5 Things to Watch For in the Fed's April Meeting

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There's a lot of hype about what might be done or said in this month's meeting of the Federal Open Market Committee. The monetary policymakers meet for two days this week, concluding Wednesday afternoon. Frankly, all the anticipation surrounding this meeting is a little bit surprising: the Fed probably won't reveal much new.

Perhaps all the media excitement stems, not from what happens during the meeting, but from what will happen afterward: for the first time Chairman Ben Bernanke will hold a press conference. Although reporters might be excited to spew questions at the lead central banker, he won't reveal anything too juicy. Instead, the press conference will almost certainly be used to clarify what we already know from its official statements, not to reveal new information

At this time, there are five things to look for in the statement.

Fed Committee's Assessment of the Economy

Each meeting's statement briefly states how the Fed governors and regional presidents are feeling about the economy. For example, in March, the statement said that the economy was on "firmer footing," hiring was "improving gradually," spending "continued to expand," and despite commodity prices rising "longer-term inflation expectations have remained stable."

That sounds a lot like what the economy looks like currently. Really, little has changed since March. The economy continues to trudge slowly forward. Consumer sentiment has weakened somewhat since the last meeting in early March, but it's not clear that the economy has taken a turn in either direction.

But what we may also get on Wednesday is the FOMC's new economic projections. Usually, those do not come until the Fed provides its more detailed minutes a few weeks after the meeting. But the press conference is billed as an opportunity for Bernanke to explain the latest quarterly projections of the FOMC. So these projections will presumably be provided a little early.

Any Hints on the Current Monetary Stimulus Effort

Since November, the FOMC has been conducting a quantitative easing effort ("QE2") that consists of the Fed's purchase of $600 billion in longer-term Treasury securities. Every month since then, the Fed has reaffirmed its decision to keep the program going, purchasing somewhere in the ballpark of $75 million in Treasuries per month. Since nothing has materially changed in the economy since March, you can expect the Fed to stay the path. The Fed will say that it intends to keep the program going through June, as planned.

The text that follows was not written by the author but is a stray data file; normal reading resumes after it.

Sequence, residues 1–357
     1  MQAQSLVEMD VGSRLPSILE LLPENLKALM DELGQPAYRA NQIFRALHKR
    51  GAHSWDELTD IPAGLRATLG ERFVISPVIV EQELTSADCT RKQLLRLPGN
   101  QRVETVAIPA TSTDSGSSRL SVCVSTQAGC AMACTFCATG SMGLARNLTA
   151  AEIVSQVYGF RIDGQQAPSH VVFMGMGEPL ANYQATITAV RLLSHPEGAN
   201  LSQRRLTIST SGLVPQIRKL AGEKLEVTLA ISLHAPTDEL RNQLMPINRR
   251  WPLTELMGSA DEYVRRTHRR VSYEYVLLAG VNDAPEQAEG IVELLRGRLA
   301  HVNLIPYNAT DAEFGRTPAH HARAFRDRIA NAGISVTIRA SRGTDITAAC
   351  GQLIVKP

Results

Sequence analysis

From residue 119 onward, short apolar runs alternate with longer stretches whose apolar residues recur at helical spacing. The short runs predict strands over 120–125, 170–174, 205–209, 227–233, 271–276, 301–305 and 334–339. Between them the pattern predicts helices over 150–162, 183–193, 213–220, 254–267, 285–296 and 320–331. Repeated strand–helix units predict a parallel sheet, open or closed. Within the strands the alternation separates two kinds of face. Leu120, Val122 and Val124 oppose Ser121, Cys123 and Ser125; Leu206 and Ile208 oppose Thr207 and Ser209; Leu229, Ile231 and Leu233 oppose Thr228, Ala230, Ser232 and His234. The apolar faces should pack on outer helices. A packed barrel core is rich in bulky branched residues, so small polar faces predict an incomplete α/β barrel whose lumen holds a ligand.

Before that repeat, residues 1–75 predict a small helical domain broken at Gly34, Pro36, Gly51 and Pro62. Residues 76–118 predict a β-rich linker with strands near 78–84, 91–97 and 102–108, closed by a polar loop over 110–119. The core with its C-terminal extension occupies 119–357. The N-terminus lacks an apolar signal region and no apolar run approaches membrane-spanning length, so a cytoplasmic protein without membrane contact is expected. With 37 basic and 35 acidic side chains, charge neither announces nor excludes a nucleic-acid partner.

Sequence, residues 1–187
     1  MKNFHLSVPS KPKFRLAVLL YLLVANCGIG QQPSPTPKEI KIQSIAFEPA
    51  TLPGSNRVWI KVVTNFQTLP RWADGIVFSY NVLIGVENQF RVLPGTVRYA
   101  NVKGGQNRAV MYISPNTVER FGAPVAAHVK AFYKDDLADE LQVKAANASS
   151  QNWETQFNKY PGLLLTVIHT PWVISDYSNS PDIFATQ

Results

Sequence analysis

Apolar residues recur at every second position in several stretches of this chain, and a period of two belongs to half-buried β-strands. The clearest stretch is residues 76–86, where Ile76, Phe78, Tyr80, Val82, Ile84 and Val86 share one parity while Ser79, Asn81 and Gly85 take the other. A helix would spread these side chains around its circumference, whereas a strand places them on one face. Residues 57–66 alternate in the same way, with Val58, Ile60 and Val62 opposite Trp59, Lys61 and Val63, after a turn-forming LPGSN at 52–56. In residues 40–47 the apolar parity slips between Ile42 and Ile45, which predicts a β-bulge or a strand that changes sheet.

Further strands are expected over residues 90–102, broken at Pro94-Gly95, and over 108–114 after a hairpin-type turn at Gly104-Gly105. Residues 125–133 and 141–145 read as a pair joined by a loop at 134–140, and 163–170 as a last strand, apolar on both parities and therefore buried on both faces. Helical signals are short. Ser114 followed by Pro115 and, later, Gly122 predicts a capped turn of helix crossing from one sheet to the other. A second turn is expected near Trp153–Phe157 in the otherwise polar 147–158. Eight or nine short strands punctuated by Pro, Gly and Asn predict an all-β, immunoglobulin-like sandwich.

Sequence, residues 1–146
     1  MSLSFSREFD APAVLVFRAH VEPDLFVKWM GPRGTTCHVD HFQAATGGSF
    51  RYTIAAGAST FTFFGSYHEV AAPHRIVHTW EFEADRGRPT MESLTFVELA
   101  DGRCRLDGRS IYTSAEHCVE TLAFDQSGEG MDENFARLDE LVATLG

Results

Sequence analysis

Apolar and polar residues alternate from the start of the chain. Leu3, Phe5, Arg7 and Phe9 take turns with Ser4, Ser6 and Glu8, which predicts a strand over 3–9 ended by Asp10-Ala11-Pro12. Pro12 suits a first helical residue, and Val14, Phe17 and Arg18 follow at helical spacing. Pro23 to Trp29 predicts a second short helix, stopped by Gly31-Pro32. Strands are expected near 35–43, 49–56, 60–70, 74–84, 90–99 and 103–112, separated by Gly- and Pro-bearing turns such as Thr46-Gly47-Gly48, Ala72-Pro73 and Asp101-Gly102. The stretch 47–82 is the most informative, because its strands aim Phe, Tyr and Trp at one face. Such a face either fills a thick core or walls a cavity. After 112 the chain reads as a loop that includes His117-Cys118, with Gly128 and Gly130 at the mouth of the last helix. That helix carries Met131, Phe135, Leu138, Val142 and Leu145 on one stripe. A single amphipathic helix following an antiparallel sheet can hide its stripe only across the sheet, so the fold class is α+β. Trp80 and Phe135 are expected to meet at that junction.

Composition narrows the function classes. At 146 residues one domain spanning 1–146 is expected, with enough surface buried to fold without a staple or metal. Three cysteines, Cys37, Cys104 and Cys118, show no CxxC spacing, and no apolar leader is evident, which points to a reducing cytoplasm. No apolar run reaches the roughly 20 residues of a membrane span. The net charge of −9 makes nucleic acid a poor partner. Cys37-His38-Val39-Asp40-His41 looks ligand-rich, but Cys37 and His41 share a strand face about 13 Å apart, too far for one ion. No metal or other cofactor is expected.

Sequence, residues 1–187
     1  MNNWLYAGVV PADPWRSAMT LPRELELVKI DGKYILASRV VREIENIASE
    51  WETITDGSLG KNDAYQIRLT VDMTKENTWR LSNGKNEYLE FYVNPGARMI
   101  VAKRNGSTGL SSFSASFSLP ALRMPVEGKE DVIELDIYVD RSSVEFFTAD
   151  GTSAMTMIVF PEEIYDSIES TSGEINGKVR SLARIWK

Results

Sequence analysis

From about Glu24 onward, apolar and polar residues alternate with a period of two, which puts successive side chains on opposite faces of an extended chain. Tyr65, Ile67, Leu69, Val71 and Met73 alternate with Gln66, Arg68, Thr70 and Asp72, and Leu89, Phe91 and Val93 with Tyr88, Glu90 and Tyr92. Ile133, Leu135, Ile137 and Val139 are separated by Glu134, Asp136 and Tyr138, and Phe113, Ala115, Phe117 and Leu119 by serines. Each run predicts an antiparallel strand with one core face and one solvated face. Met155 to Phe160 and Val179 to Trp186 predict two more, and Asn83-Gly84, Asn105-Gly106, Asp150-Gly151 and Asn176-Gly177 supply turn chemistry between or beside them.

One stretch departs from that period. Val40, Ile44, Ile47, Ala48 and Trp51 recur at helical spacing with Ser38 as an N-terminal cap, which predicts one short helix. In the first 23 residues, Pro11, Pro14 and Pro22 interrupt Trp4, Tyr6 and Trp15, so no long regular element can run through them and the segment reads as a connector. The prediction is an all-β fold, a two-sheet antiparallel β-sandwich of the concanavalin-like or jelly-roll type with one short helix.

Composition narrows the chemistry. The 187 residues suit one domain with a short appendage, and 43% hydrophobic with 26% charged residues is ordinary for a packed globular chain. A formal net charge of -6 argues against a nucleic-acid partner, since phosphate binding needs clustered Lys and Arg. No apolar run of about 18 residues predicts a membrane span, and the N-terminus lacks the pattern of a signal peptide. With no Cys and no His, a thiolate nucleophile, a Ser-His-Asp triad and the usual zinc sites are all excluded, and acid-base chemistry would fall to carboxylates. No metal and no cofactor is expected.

Any Hints on the Reinvestment Program

In addition to QE2, the Fed has also been reinvesting the cash it gets from maturing securities it owns in Treasuries. That's to the tune of between $15 and $25 billion per month. Up to now, the Fed has given no indication that it intends to rethink this strategy either. Doing so will likely be the first step in its exit, since ending reinvestment would finally allow the size of its balance sheet to begin to decline. Don't expect the Fed to indicate any intention of doing this yet, since its exit isn't expected to begin in the near-term.

Any Hints on Exit Timing

When might the Fed stop communicating that it intends to keep interest rates exceptionally low "for an extended period"? We might see that change later this year, but we probably won't see the language altered this month. The Fed's exit also involves a number of other tools, however. Might some of those be implemented in the near-term? It's somewhat doubtful that the Fed will be eager to start its exit while still expanding monetary policy, but we should look to see if any of those exit strategies are mentioned.

Any Hints on a New Monetary Stimulus

Finally, some in the market have already called for a QE3 -- additional monetary stimulus for when the current effort expires in June. Considering that job growth has picked up a bit since November and that deflation concerns have dissipated, it would be pretty surprising to see the Fed order another dose of quantitative easing. But it would be even more surprising for the Fed to announce such a program ahead of schedule. QE2 does not end until June, so the central bank could easily wait until its June meeting to announce QE3 to begin in July.


All this adds up to what may be a very anticlimactic Fed meeting. The only interesting component will likely be its new set of economic projections. Hiring has picked up a bit since January, so you might see more optimism expressed by the committee members. But it's pretty inconceivable that we'll see any significant changes to the path of monetary policy. Expect QE2 go remain in effect, interest rates to remain low for an extended period, and no mention of any concrete plans for QE3 or an exit.

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Daniel Indiviglio was an associate editor at The Atlantic from 2009 through 2011. He is now the Washington, D.C.-based columnist for Reuters Breakingviews. He is also a 2011 Robert Novak Journalism Fellow through the Phillips Foundation. More

Indiviglio has also written for Forbes. Prior to becoming a journalist, he spent several years working as an investment banker and a consultant.
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